Tag Archives: Excel

An Excel Formula to Avoid a #VALUE! Error

If you’re using Excel, this one may be for you.

In M15, you need a formula that multiplies quantity (in, let’s say,  K15) by price (in, let’s say,  L15), but the price column also contains text entries such as Out of stock.  So the formula K15*L15 is not satisfactory because when you multiply a number by a text value (such as “Out of stock”) you get the #VALUE! error.

You could use an IF function to check for text, but there is a shorter solution.

The N function has a single argument: a value. It returns the value if the value is a number, or 0 if the value is text.

So, in M15, use the formula =K15*N(L15).

Thanks to Able Owl Excel tips for this one.


For other great time-saving tips, look up:
Being more efficient with your technology
Technology Information for Staff website

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When Excel Menu Icons Are Greyed Out

When you’re using Excel, do you ever find that the Ribbon and menu icons are inexplicably greyed out?

This can happen if you are in edit-mode in a cell (the cursor is blinking in a cell, waiting for you to enter something), or you have a dialog box open. It can also happen when you minimise an Excel workbook, then open a different one: if you were editing a cell in the first workbook (or have a dialog box open), you won’t be able to insert or edit anything in the second.

The solution is easy: hit the Esc key on the upper left corner of your keyboard.

Thanks to Able Owl Tips for this one.


For other great time-saving tips, look up:
Being more efficient with your technology
Technology Information for Staff website

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You’ll find more learning at Learning and Development.

Make Compiling a Document Easier

If you are compiling a document from two documents, and you have two monitors (computer screens), this tip will be very useful. They may both be Word documents, or could be emails, PDFs or even a combination of these.

  1. Open both documents and display one on each monitor
    (I like to maximise each one so that it fills the monitor)
  2. Decide which one is the primary document
  3. Drag text from the other document and drop it into place in the primary document.

Two important things to note:
– step 3 above will move the text from one document to the other
– to copy the text from one document to the other, hold down the Ctrl key while you drag and drop the text.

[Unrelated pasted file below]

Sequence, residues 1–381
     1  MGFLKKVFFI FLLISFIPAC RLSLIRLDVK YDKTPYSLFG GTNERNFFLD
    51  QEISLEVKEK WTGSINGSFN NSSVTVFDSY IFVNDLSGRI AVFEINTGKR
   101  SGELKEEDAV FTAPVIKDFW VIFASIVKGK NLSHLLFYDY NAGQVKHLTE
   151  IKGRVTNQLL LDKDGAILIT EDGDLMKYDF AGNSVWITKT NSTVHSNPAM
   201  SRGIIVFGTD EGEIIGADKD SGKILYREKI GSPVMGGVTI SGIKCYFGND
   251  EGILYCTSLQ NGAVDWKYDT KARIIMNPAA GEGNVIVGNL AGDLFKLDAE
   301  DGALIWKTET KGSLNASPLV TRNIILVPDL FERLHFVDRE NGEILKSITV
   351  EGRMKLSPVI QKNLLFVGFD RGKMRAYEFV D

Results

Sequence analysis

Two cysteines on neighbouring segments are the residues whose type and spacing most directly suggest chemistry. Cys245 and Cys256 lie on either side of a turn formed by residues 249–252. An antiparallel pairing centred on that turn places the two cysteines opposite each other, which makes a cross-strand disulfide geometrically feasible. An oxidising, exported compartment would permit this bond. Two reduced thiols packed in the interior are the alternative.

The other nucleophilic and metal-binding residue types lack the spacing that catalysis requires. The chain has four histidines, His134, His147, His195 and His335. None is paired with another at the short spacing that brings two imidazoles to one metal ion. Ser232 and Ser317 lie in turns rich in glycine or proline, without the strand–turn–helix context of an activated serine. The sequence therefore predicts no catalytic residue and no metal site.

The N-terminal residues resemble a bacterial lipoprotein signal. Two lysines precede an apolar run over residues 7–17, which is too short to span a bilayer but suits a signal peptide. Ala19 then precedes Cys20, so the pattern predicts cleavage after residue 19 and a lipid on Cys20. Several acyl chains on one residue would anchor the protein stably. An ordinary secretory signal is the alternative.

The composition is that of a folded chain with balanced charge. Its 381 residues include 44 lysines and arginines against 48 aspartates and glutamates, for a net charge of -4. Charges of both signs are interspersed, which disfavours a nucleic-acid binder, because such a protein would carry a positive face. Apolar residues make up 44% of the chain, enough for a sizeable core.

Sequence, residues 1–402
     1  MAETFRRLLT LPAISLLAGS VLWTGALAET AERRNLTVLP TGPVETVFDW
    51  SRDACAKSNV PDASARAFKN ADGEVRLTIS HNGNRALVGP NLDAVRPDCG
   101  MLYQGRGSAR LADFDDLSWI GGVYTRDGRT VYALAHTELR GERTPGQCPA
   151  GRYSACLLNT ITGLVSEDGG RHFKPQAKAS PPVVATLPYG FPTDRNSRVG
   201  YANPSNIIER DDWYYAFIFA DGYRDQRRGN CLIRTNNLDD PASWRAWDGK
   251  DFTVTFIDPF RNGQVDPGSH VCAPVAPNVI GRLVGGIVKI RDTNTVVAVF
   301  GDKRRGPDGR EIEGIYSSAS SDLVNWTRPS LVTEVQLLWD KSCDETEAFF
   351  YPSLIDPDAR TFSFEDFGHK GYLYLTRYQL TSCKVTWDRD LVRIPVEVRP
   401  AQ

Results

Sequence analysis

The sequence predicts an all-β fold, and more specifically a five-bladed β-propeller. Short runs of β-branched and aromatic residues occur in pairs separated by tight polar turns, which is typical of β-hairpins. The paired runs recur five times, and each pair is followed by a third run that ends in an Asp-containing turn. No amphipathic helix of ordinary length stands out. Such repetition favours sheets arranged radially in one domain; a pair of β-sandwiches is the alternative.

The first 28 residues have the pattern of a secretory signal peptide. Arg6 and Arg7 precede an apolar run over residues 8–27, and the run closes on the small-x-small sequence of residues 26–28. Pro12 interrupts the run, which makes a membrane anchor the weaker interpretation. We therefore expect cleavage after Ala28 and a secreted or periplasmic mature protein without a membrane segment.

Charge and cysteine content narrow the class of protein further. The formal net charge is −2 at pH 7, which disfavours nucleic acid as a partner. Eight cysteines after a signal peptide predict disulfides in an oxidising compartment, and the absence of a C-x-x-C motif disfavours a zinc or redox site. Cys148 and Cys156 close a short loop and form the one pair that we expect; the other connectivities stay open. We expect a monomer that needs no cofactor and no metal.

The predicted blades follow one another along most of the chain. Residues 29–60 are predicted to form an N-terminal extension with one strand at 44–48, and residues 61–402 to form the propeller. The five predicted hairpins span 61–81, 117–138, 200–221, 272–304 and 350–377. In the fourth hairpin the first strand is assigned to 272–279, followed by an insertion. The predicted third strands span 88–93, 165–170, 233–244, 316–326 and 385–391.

Other tips you may find useful are:
Resize a program window to fit half your screen
View 2 windows on one screen (for twin monitor users)
Four windows on two screens?
View One Word Document in Two Windows


For great time-saving tips, look up:
Being more efficient with your technology
Archive of Tech Tips
Technology Information for Staff website

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You’ll find more learning at Learning and Development.

Struggling With Keyboard Shortcuts?

If you’re struggling with keyboard shortcuts, you may not know about this….

When you hover your mouse over some toolbar icons in Microsoft Office programs, the keyboard shortcut is displayed.
When you hover your mouse over some toolbar icons in Microsoft Office programs, the keyboard shortcut is displayed.

When you hover your mouse cursor over most icons in Microsoft Office programs, a pop-up appears, explaining the tool and displaying the shortcut. So instead of clicking an icon on a toolbar, use the shortcut as often as you can – just hovering over an icon from time to time for a reminder of a shortcut.

Meanwhile, have a look at the Keyboard shortcuts section of the Being more efficient with your technology site.


For great time-saving tips, look up:
Technology Information for Staff website

Was this tip helpful to you? Anything else you want to know? Got some suggestions? Please leave a comment below or let me know.

You’ll find more learning at Learning and Development.

Autofit Column Width to An Individual Cell

This is one for the Excel users out there. It sounds a bit esoteric but if you wrestle with column widths, this is for you!

Last week we looked at using Excel’s AutoFit feature to automatically adjust the width of a column to match the contents of the widest cell in that column.

But let’s say that you want to adjust the width of a column to match the contents of an individual cell but you don’t want to AutoFit the entire column width (for example, because some of your rows contain lots of text – and so AutoFitting the column width would make the columns too wide).

So, to adjust the width of a column to match the content of an individual cell:

1. Select the cell whose width you want to AutoFit
2a. Click the Home tab
2b. Click the Format button drop-down (towards the far right of the Home Ribbon)
2c. Click AutoFit Column Width

That cell’s column width adjusts to match the width of the content of the cell you selected.

BONUS – to simultaneously adjust the widths of multiple columns to match the contents of multiple cells:

1. Select the first cell whose width you want to AutoFit
2. Hold the Ctrl key down and select the other cells whose width you also want to AutoFit
3. Choose Home | Format | AutoFit Column Width

The columns’ widths are adjusted so that the content of the cells you selected each fits in their respective columns. You can also choose Home | Format | Column Width and type in a fixed width for all the columns of the selected cells.

Another Excel tip: Copy Excel Column Width From Another Cell

Thanks to Able Owl Excel tips for this one.


For great time-saving tips, look up:
Being more efficient with your technology
Technology Information for Staff website

Was this tip helpful to you? Anything else you want to know? Got some suggestions? Please leave a comment below orlet me know.

You’ll find more learning at Learning and Development.